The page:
HULL, England — The number of practicing Catholics in Britain now exceeds the number of practicing Anglicans for the first time since the Reformation.
Catholic parishes, especially in the major cities, report a major upturn in the number of people attending Mass.
But the figures do not reflect a sudden revival of faith among British people; they are due to a sudden influx of people from traditionally Catholic countries, especially Poland, which is transforming British life.
When Poland joined the European Union, it meant that Polish people could travel and seek work in any member country — and thousands immediately looked to Britain. They arrive by train and by bus, often with incomplete papers, no proper job papers, and knowing little English. Many have settled and found work — although others are sleeping on the street, and have difficulties making new lives.
Poland is not the only country sending this new wave of immigrants to Britain — many new immigrants from Africa are also Catholic. They are joining the waves of immigrants who started to arrive in the 1960s and ’70s, initially from the Caribbean and later from the predominantly Islamic countries of Pakistan and Bangladesh. Britain now has very large Muslim communities in all major cities, and the Islamic birthrate is high, with Islam the predominant religion in many districts.
But the new “Catholic wave” of immigrants is making a specific and dramatic impact on a British Catholic community which had been predominantly English and Irish.
In the diocese of Middlesborough, in the north of England, plans for the closure and merger of some parishes will have to be put on hold, as the numbers for Mass attendance have soared.
“Let me give the example of St. Wilfred’s Church in Hull” said Father William Massie, who works in the West Hull parishes. “It was rebuilt in 1966 after wartime bombing, but almost immediately — with social changes and people moving out of the city center to the suburbs and so on — numbers went right down, and 12 years ago I would say Mass for, at most, about 60 people. Now, I say a morning Mass for a combined English/Polish congregation of about 200, and the evening Polish Mass attracts some 250 more.”
But there can be tensions. Poles need their own priests in order to go to confession, and they are often shocked at the attitudes found among British Catholics.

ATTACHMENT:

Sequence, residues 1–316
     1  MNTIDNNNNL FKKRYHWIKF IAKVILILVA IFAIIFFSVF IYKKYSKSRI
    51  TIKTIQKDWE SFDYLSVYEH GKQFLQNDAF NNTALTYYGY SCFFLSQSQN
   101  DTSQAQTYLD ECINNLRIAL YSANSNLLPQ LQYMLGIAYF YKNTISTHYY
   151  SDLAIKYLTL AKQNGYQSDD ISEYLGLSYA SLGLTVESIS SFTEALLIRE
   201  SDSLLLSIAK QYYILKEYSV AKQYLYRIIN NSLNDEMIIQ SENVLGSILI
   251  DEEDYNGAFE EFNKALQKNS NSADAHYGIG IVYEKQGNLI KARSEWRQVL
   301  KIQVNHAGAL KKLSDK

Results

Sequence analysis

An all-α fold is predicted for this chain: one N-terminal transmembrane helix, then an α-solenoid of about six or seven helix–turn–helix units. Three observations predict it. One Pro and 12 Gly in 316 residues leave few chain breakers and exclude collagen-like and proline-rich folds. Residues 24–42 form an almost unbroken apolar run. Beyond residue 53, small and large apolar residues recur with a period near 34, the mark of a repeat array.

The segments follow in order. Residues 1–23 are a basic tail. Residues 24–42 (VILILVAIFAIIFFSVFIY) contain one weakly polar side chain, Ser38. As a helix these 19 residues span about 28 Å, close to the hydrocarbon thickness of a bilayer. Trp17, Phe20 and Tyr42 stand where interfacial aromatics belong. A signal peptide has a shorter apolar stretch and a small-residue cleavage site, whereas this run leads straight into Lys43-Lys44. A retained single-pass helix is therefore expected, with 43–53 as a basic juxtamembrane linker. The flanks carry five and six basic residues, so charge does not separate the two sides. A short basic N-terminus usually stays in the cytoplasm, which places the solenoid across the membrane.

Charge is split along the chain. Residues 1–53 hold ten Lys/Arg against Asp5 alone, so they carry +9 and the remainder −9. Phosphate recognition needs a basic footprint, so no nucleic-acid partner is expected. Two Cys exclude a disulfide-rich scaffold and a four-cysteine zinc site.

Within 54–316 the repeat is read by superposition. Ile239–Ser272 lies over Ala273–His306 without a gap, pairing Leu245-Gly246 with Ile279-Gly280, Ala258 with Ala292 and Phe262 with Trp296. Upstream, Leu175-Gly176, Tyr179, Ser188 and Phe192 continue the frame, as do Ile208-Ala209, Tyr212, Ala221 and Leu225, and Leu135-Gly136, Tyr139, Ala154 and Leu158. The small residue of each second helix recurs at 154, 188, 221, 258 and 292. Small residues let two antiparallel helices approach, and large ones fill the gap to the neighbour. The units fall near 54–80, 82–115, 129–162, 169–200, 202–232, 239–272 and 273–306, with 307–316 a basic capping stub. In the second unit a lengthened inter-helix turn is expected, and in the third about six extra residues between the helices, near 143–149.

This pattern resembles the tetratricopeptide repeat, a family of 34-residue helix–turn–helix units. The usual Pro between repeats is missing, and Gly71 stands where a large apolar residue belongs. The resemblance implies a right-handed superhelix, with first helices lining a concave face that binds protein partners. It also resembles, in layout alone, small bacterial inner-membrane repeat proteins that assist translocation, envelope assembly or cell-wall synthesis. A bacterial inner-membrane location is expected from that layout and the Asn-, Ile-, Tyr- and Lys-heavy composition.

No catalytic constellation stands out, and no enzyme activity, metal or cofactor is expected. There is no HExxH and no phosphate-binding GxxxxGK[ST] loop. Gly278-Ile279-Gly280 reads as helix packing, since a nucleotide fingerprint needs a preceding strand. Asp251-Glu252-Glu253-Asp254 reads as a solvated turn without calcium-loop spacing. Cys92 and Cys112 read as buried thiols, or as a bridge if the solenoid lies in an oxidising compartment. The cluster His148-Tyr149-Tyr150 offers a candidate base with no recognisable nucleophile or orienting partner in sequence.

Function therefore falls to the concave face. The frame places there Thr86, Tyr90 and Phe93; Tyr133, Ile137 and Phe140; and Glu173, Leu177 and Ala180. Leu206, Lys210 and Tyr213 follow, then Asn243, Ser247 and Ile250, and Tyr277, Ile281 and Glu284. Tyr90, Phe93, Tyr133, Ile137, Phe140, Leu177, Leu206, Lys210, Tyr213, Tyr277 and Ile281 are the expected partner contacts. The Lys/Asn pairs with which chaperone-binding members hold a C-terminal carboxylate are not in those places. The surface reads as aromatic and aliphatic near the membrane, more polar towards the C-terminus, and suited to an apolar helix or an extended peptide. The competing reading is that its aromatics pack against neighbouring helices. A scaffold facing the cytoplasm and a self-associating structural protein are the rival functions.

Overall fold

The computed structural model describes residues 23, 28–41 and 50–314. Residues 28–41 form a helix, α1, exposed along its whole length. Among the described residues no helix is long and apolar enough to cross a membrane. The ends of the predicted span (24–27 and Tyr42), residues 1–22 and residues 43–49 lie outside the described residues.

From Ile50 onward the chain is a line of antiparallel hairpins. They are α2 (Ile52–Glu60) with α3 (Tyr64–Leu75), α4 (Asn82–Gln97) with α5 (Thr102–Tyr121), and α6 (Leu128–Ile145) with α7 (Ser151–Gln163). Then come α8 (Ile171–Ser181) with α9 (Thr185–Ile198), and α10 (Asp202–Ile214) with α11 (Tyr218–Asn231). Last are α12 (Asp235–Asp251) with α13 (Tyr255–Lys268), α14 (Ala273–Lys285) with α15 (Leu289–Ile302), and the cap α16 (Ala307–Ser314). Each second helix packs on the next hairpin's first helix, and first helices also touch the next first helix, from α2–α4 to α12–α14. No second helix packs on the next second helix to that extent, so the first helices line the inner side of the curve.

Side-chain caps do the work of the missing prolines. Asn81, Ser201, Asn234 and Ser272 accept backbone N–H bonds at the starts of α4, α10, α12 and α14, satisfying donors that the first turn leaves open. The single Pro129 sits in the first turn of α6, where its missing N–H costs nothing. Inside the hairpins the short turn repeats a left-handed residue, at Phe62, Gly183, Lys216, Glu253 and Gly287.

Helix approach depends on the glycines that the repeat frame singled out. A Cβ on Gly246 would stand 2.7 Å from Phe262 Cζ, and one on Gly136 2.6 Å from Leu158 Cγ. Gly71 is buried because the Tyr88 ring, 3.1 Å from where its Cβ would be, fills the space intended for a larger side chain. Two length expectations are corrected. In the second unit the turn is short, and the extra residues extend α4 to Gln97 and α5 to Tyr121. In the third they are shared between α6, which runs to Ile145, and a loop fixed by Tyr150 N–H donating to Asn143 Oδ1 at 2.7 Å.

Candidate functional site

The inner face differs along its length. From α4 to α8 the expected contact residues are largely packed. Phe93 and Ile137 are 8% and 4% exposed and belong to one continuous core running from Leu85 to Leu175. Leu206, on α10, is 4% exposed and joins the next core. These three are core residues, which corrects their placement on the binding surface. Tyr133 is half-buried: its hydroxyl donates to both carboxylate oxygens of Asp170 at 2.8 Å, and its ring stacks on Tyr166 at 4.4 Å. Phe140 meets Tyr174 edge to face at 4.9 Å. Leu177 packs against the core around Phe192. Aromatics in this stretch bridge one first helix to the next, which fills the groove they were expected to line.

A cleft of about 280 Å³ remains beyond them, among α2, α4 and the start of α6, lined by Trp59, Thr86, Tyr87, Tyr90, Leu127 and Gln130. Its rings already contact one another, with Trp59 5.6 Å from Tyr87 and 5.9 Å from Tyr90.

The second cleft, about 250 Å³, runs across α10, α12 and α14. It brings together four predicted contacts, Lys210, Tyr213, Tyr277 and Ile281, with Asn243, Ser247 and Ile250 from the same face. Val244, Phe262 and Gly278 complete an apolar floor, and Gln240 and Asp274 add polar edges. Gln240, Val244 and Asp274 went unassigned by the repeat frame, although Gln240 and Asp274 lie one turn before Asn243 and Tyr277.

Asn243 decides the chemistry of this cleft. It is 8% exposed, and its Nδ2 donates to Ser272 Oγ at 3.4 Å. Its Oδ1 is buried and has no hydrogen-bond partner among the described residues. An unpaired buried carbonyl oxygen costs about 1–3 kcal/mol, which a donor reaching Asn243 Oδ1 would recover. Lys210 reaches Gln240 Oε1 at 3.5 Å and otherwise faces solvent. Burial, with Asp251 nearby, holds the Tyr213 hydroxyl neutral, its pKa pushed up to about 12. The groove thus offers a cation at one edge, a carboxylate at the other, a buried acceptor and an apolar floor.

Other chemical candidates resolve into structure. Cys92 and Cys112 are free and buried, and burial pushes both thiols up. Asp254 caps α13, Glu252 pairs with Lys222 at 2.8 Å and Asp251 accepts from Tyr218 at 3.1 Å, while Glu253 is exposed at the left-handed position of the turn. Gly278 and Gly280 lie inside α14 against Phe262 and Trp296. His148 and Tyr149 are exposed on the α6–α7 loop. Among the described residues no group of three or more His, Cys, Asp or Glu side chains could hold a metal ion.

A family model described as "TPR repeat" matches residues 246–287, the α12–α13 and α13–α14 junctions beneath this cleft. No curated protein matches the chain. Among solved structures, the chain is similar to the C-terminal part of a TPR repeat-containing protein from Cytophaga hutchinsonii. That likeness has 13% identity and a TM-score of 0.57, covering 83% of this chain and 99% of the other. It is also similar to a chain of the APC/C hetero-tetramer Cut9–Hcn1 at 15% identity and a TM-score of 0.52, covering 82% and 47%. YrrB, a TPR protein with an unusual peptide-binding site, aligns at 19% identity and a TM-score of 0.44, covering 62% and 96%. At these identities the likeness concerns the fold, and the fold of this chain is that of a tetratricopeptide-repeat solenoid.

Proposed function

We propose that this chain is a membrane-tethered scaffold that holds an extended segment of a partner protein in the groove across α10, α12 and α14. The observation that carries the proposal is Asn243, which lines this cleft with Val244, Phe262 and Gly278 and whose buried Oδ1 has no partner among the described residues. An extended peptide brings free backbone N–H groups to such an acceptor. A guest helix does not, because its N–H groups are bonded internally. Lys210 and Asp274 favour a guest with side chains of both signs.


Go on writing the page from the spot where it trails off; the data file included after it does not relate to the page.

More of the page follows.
“Most Poles go to confession once a month. And they are conscientious about not going to Communion if they haven’t been to confession for some while,” said Father Massie. “They are very devout, they are faithful, and it’s impressive. I work with a Polish priest, who will regularly hear confessions for 1½ hours, and travels to other towns to take his turn at hearing confessions for the Polish community there.
“Contrast this with British parishes, where confession either hardly happens at all or there is what is known as ‘Rite 2.5,’ which is an evening with prayers, where people are encouraged to line up and whisper just a general expression of sorrow, or perhaps mention one sin, to a priest standing by the altar, who then gives an abbreviated form of absolution,” he added.
“Polish people have started to notice that things are done differently here,” Father Massie said. “Do we want the Poles to start to imitate slack British approaches?”
Polish parishes were established during and immediately after the Second World War to cater to the needs of Polish ex-servicemen and refugees, but they now find they are suddenly thriving with hundreds of new parishioners as new arrivals gravitate to them. “We have five Masses every Sunday, and they are all full, very full,” said Father Wladyslaw Wyszowadzki of Christ the King Polish parish in Balham, South London. “The young people come — they mostly find work and are very happy. Their children tend to learn English very quickly. Some settle into Catholic schools, which have been glad to receive them. There are now Polish children in the Catholic parish schools across South London — the Holy Ghost primary school here in Balham, St. Anselm’s in Tooting, and the schools in Brixton, Streatham and Wimbledon.”
But Father Stephen Langridge, parish priest of Holy Ghost Church in Balham — the local English parish — added an important fact that the immigrant Catholics may not be aware of: “Many Polish people do not know that Catholic schools in Britain are free — there are no fees to pay,” he said. “They don’t understand this, so they send their children to the state schools, which is a pity. The Catholic community must reach out and be welcoming.”
There can be problems where Poles form their own communities, having little or no link with British parish life, while at a different level other young Polish people are simply confused during their first weeks and months, and may initially go to an Anglican church thinking — because of its stained glass and grandeur — that it is a Catholic one.
Other new immigrants arrive to find only confusion — they are exploited by bogus job offers or by poor working conditions, and cannot find anywhere to stay. London’s Cardinal Hume Centre, founded to care for young homeless people, is having to cope with this new clientele.
And the new situation is presenting a challenge to a Church which for many years has been facing a shortage of vocations to the priesthood, and declining numbers of young people attending Mass and taking an active part in Catholic life.
“We’ve had young Polish men, working on building sites or similar jobs, who have seen the religious situation in Britain and reassessed their own faith and what it means to them; some have come to think about a vocation to the priesthood or religious life as a result,” said Father Stephen Langridge, who is also vocation director for the Diocese of Southwark. But will these young people offer their services to the British Catholic community or minister to their own compatriots, either in Britain or in Poland?
Joanna Bogle writes from